Mixed Martial Arts Forum banner

1 - 17 of 17 Posts

·
HeadlessNorseman?
Joined
·
131 Posts
work on getting your knee(on the striking leg) up higher. Going up on your toes and twisting your hips a bit more will help with that. Your shin should be traveling downward or at least across when it hits, not up. And with your right hand, try reaching out in front of you and "pull" your body towards the bag, kinda like your grabbing the air and pulling it. This will also protect your face while you start the kick
 

·
Registered
Joined
·
1,572 Posts
Theres not much to critique. Its pretty good for a beginner. Just keep practicing. I like to stay on the ball of my foot (my lead leg) when throwing kicks, especially back to back rapid fire kicks. I get more power out of it and it helps my balance. Check your stationary lead leg on your double kicks and notice your foot is not pivoting. Thats a error everybody makes when they first start. Usually you will notice this when your kicking the thai pads for multiple rapid fire kicks and your falling off balance or your not getting the power that your first kick had. Easy adjustment.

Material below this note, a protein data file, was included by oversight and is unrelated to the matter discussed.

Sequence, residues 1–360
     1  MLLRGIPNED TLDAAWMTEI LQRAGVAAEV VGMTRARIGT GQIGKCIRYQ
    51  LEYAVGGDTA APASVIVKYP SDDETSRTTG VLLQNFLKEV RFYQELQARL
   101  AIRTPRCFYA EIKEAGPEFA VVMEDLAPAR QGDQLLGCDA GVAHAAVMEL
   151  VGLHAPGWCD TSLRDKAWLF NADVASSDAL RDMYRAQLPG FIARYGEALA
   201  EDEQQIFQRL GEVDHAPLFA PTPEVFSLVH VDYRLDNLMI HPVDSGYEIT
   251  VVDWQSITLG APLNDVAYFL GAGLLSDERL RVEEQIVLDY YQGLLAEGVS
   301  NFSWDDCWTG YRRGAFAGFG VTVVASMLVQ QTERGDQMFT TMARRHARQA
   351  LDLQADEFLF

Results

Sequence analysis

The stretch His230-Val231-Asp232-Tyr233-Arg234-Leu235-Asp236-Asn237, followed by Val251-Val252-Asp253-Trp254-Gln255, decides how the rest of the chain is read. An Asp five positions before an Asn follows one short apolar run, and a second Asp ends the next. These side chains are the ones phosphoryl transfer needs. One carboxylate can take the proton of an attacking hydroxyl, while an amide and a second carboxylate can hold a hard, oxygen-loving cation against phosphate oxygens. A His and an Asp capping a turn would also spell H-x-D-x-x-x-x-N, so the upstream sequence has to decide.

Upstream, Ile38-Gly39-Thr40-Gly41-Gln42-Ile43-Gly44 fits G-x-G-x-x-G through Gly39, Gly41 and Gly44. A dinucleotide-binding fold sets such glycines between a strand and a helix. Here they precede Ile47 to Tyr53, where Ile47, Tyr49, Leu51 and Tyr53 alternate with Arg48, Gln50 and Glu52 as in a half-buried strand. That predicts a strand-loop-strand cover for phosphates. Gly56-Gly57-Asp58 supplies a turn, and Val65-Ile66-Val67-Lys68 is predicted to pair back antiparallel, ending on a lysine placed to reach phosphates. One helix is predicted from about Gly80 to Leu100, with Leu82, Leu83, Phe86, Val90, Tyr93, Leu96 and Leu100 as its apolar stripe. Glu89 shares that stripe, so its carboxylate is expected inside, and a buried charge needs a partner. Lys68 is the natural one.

·
Registered
Joined
·
1,572 Posts
Bas is right if your only throwing a single kick, if your gonna throw 2 or more kicks back to back you need to pivot on your lead foot or you will not be able to reset between kicks and keep your balance. Watch their feet (they were both world champions)

http://www.youtube.com/watch#!v=OE7p-baxBTk

http://www.youtube.com/watch#!v=y4fFAQ_Gccc
 

·
Registered
Joined
·
603 Posts
work on getting your knee(on the striking leg) up higher. Going up on your toes and twisting your hips a bit more will help with that. Your shin should be traveling downward or at least across when it hits, not up. And with your right hand, try reaching out in front of you and "pull" your body towards the bag, kinda like your grabbing the air and pulling it. This will also protect your face while you start the kick